"Success consists of going from failure to failure without loss of enthusiasm."
It’s rare I don’t find something provocative on Barry Ritholtz’s eclectic blog, The Big Picture. Today, there is a thoroughly entertaining piece by Kent Thune, a name I’m going to have to remember. His blog is The Financial Philosopher Good title.
“By setting oneself totally free of constraints, free of thoughts, free of this debilitating activity called work, free of efforts, elements hidden in the texture of reality start staring at you; then mysteries that you never thought existed emerge in front of your eyes.” ~ Nassim Nicholas Taleb
Readers of this blog are likely aware of Nassim Nicholas Taleb’s first two books, his 2001 debut, Fooled by Randomness, and his 2007 work, The Black Swan, which are based upon Taleb’s central idea: “our blindness with respect to randomness, particularly large deviations,” which speaks directly to the common follies of investors.
I recently read (and enjoyed) his 2010 book of aphorisms, Bed of Procrustes. In Greek mythology, Procrustes was the cruel owner of an estate where he would entertain traveling guests for dinner then offer them a place to rest. To make them fit his special bed, he would chop off their limbs or stretch them if they were too small. This works well as a metaphor for the modern world, where social conventions shape us into whatever fits its demands. And as individuals we resolve our tensions, as Taleb describes, “by squeezing life and the world into crisp commoditized ideas…” (Note: Barry has a similar and interesting take on investing with what he calls the danger of narratives.)
Although Taleb covers several topics in Procrustes, the one that struck me the most was his blunt comparisons of employment to slavery, a theme that finds itself often in my own philosophical observations (and rants).
Here are a few select aphorisms from the book, followed by a few of my own notes (I’d also love to hear any of your thoughts in comments that the quotes or notes may provoke):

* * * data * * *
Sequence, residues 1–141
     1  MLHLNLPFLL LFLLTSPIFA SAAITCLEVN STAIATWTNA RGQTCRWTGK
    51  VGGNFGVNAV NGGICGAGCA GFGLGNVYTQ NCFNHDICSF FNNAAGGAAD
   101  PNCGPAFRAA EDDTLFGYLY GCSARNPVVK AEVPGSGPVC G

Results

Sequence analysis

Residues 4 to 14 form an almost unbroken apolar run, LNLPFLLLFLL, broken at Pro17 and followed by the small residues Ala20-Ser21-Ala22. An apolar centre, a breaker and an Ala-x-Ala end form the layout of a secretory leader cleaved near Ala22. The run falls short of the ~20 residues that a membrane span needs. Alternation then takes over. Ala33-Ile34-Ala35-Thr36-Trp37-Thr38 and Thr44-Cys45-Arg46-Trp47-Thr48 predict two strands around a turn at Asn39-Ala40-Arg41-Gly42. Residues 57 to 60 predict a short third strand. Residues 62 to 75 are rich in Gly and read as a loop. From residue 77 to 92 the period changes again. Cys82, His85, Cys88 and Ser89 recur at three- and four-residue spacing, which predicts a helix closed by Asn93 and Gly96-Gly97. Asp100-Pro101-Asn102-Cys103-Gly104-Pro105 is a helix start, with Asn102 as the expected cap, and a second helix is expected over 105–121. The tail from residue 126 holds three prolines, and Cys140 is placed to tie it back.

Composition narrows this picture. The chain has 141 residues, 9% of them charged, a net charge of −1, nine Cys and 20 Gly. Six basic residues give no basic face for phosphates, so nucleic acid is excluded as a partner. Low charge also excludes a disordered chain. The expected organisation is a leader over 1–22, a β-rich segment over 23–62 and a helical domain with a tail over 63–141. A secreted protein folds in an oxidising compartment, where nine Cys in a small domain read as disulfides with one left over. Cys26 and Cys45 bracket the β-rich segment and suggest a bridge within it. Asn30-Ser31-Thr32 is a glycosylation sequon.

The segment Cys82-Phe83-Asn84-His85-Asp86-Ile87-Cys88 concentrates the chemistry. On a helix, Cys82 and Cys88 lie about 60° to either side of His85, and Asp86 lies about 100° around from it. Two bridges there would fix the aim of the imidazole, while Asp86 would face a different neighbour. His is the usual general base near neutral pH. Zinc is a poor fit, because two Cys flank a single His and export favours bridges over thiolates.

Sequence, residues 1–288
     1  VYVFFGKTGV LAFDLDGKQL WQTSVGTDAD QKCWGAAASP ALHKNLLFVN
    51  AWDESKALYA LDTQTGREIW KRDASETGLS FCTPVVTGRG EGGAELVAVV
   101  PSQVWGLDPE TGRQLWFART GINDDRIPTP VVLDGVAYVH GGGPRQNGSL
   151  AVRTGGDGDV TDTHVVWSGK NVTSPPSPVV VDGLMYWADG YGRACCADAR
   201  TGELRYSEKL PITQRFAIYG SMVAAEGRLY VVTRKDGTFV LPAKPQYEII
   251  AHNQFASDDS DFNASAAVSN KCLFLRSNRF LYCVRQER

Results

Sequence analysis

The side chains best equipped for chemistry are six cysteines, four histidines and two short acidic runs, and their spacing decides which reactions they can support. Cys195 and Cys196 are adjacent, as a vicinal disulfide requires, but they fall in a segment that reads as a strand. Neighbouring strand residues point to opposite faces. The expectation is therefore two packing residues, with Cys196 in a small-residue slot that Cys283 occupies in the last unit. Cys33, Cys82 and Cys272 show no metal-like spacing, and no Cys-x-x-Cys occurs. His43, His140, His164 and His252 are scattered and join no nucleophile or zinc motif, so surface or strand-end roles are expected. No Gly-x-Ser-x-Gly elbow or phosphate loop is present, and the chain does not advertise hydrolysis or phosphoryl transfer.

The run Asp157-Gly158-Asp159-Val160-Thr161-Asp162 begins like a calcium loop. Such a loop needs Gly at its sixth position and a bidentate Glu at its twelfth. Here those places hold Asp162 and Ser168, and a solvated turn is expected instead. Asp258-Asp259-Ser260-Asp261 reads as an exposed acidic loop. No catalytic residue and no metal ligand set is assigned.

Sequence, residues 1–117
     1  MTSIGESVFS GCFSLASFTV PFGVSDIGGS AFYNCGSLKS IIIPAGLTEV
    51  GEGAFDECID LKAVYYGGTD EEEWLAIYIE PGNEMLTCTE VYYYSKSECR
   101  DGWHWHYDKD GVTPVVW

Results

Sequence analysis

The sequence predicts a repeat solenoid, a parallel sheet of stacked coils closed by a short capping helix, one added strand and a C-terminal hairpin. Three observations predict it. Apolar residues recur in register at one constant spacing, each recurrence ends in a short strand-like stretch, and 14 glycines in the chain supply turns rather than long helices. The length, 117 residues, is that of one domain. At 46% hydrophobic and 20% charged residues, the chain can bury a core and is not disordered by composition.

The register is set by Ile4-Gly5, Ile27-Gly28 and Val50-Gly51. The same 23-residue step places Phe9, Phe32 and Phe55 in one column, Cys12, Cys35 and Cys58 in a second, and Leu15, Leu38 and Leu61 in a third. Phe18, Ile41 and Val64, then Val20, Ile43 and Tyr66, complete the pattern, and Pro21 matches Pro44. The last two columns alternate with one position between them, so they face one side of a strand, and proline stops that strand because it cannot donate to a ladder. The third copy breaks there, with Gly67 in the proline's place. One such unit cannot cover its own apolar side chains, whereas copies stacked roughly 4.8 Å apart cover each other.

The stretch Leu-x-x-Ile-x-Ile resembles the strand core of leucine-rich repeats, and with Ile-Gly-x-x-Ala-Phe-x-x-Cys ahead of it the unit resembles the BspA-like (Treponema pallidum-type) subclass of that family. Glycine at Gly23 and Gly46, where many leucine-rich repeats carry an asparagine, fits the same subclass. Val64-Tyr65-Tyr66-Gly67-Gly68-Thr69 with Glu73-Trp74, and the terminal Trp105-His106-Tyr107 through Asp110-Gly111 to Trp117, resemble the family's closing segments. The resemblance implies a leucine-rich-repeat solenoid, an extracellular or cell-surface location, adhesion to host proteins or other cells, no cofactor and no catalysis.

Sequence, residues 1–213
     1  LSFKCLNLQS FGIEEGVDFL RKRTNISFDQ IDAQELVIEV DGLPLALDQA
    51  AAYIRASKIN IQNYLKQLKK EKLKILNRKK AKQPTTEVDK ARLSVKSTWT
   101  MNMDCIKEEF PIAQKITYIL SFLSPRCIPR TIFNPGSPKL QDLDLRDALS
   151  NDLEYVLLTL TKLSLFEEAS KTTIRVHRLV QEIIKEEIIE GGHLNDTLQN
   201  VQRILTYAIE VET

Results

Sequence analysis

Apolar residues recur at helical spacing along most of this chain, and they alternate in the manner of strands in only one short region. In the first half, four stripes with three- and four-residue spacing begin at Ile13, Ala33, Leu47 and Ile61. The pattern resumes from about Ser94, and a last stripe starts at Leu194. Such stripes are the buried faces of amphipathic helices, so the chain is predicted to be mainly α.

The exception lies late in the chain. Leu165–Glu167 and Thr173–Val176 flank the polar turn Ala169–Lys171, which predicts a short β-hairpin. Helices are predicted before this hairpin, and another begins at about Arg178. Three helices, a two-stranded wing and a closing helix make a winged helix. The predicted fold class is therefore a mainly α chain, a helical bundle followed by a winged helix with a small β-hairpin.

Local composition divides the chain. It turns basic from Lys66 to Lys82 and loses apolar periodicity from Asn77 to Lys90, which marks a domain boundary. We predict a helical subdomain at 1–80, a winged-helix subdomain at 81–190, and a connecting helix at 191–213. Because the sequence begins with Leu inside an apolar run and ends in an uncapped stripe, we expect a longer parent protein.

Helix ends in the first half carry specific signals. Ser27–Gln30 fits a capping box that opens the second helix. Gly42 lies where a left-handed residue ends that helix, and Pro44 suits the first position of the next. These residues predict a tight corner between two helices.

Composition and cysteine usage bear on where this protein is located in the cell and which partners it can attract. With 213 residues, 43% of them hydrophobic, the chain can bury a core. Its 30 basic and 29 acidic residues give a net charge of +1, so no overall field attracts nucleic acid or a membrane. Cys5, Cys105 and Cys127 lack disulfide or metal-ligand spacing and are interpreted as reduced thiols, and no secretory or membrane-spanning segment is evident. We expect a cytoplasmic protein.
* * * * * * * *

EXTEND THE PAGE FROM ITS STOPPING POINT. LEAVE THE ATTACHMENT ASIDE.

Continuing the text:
Work destroys your soul by stealthily invading your brain during the hours not officially spent working; be selective about professions.
The three most harmful addictions are heroin, carbohydrates, and a monthly salary.
If you know, in the morning, what your day looks like with any precision, you are a little bit dead—the more precision, the more dead you are.
Those who do not think that employment is systemic slavery are either blind or employed.
The difference between technology and slavery is that slaves are fully aware that they are not free.
You have a real life if and only if you do not compete with anyone in any of your pursuits.
My perspective is similar to that of Aristotle’s: You’re not working if you love what you do; therefore, in this case, one’s profession is not slavery. But how many are fortunate enough to love what they do? It is normal to either dislike (or, at a minimum, tolerate) one’s work. But normal is not healthy.
The tension arising from “fitting ourselves” into the Procustean bed of engaging in work that we do not love is, at the root, and in my humble opinion, the reason people invest their money and it is the creator of the modern idea of retirement.
We give up our freedom now for freedom later, a freedom we believe can only be purchased with money.